However, although it is possible for all to prophecy, only two or three prophecies should be brought forth in a meeting time. If more than that is spoken, we tend to lose and forget the earlier ones. Our capacity to retain and spiritually process a theme or a word and effectively apply it to our lives is limited by two or three per meeting. If you felt like you had something to share with the group, but three different messages have already come forth, it would be Biblical and obedient for you to let it go. If it is the Lord, He will bring it back around at a later time. This is not about us getting to share or speak. It’s about us hearing what the Lord is saying to us. If someone interrupts you before you get to your point, let it go. If what you had was the Lord, He will bring it back around or bring it up in you at a later time. We must learn to trust the Lord in the Body.

Let’s look at the “let the others pass judgment” part of the text. After a prophecy, message, or encouragement is shared, we should tend to be silent. We need to take it in. We need to think about it. We need to pray. It’s weighty when someone shares something in the church meeting. No matter who it is that shared it. Is God speaking to us? If He is, we’d better humble ourselves, shut up, and do what He says. If there is not a witness in the Spirit or if what has been shared is not Biblical, it needs to be checked. The older brothers need to say something. It doesn’t need to be rejected in a cutting way. It doesn’t need to be rejected at all up front, unless it is clearly unscriptural. If what was shared seems good to the group, then one of two responses would be good: either nothing can be said, or a hearty “Amen” can be given. If it is perceived as not being good, from God, Biblical, or edifying, an older brother needs to say something like, “this last message or prophecy needs some more prayer and consideration. We as a group need to wait on the Lord concerning this issue.” Or something like that. Then, it would be good for the brother who shared it to have some time with others to talk about and pray together. The person who delivered the word may come to the conclusion that it was not the Lord at all. It would be good for them to simply tell everyone else at the next get together, that “I think I missed it.”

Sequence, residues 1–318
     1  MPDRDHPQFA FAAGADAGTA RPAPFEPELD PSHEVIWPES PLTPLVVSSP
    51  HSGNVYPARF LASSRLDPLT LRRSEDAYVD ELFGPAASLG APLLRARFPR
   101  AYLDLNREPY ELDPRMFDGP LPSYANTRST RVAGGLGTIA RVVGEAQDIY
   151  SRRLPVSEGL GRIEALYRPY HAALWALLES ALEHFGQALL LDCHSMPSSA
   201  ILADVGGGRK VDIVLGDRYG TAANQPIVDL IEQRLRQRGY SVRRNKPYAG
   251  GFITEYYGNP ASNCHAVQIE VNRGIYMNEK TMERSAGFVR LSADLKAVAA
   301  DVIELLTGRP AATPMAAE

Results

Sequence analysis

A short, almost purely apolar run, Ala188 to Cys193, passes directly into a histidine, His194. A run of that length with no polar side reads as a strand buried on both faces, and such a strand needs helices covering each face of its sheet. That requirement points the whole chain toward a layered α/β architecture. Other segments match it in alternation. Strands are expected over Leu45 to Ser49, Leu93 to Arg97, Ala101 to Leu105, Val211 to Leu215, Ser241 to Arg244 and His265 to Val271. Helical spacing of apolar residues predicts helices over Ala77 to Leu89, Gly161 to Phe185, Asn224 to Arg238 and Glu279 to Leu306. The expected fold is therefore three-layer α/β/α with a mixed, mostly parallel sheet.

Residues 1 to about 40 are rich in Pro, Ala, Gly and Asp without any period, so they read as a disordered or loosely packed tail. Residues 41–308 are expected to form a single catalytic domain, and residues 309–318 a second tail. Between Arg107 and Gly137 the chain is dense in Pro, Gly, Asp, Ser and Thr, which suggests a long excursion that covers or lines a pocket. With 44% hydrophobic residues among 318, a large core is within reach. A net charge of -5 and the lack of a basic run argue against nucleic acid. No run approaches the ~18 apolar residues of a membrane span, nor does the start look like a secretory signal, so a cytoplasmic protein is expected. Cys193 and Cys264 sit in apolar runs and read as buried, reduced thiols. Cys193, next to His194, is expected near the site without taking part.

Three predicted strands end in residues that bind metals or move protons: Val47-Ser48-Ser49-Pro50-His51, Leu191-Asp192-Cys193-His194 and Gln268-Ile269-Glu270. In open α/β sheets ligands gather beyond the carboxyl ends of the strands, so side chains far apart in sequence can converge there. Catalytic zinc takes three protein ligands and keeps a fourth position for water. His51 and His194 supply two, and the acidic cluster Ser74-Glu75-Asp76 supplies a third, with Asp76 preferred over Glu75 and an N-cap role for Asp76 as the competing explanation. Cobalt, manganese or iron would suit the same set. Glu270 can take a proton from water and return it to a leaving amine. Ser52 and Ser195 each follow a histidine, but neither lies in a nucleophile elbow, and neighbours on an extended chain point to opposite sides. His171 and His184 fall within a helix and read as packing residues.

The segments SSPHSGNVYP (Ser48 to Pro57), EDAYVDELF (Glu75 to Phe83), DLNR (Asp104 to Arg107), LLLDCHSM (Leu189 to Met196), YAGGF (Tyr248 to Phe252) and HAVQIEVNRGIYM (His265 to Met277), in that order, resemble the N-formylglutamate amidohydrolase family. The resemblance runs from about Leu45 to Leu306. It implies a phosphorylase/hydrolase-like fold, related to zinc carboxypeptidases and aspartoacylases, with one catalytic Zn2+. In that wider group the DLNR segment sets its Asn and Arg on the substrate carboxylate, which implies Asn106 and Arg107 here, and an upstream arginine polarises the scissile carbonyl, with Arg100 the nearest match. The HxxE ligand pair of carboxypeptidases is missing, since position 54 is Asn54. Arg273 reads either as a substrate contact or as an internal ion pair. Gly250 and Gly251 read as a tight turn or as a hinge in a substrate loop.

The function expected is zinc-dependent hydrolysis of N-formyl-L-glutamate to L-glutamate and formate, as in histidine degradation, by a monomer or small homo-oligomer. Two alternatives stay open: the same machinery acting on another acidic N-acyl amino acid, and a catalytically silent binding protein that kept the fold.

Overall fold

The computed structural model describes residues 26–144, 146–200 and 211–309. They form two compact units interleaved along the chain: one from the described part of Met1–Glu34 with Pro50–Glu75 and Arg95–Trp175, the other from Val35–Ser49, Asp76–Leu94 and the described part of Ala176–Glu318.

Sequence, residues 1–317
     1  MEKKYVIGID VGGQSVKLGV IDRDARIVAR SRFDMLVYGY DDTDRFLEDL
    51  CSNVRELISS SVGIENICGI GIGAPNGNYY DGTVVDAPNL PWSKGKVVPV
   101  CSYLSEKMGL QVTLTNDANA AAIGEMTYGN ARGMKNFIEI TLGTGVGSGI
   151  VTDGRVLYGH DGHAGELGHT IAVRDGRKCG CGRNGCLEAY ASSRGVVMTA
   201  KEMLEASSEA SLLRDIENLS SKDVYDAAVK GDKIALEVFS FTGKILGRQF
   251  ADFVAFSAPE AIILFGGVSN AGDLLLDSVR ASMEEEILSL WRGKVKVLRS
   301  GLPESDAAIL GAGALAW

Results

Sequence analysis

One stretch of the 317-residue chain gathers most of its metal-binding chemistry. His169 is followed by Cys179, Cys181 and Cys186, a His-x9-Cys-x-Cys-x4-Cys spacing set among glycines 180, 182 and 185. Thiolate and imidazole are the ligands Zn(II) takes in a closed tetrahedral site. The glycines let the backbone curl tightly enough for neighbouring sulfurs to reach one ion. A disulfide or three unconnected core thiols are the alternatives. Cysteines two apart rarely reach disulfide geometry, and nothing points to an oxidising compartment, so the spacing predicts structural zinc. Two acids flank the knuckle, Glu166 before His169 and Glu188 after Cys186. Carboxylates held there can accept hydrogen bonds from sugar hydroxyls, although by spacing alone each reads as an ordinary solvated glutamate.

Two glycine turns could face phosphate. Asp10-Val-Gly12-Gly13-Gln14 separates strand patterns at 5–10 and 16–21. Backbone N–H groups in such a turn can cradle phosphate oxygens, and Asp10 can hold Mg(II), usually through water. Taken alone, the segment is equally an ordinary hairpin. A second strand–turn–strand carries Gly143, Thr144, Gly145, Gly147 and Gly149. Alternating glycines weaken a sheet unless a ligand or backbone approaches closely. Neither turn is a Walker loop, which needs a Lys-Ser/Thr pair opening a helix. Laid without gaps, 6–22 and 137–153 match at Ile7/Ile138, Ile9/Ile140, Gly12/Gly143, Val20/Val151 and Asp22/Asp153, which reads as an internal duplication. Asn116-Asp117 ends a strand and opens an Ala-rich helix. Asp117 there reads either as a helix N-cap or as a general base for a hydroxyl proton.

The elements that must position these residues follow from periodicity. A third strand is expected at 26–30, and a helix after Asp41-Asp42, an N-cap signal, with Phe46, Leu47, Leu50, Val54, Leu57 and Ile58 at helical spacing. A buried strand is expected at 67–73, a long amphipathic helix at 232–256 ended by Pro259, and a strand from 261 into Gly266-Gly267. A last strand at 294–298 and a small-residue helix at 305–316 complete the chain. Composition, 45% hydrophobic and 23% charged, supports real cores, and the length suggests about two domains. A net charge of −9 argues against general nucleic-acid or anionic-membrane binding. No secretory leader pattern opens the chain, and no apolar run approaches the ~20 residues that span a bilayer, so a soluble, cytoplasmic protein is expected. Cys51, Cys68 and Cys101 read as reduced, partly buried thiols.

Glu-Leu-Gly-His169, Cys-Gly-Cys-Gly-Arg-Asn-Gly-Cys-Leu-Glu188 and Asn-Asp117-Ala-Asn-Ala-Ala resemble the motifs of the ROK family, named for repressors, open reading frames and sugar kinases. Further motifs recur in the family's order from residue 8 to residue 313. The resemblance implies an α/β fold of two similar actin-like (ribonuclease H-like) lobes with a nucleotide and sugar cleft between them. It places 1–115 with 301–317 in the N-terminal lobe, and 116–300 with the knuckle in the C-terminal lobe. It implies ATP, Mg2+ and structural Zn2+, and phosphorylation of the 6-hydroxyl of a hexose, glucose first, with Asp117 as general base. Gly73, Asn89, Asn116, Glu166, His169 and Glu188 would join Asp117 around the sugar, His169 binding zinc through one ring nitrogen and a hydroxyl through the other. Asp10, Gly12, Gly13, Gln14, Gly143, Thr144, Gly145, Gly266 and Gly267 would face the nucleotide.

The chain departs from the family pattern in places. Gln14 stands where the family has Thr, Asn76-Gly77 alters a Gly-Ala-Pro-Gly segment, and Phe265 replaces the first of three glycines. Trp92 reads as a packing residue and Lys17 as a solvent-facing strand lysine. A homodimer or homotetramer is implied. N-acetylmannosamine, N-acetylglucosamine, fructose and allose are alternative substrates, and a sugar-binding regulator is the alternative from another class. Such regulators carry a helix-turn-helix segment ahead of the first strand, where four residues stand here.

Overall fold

I have been in meetings when a brother has shared something, and an older brother (elder) just flat out said, “I’m sorry brother, that’s not the Lord.” There was an atmosphere at that time in our group for that kind of thing. The older brother who said that to the one who brought the prophecy also had a relationship with him that could support that type of thing. They both had a tremendous amount of love and respect for one another and it was delivered in kindness. The brother whose prophecy was rejected, didn’t skip a beat. He responded thankfully and was not hurt at all. He continued to participate in the meeting. I’ve also been checked like this myself on a few different occasions. It really doesn’t bother me, I like it.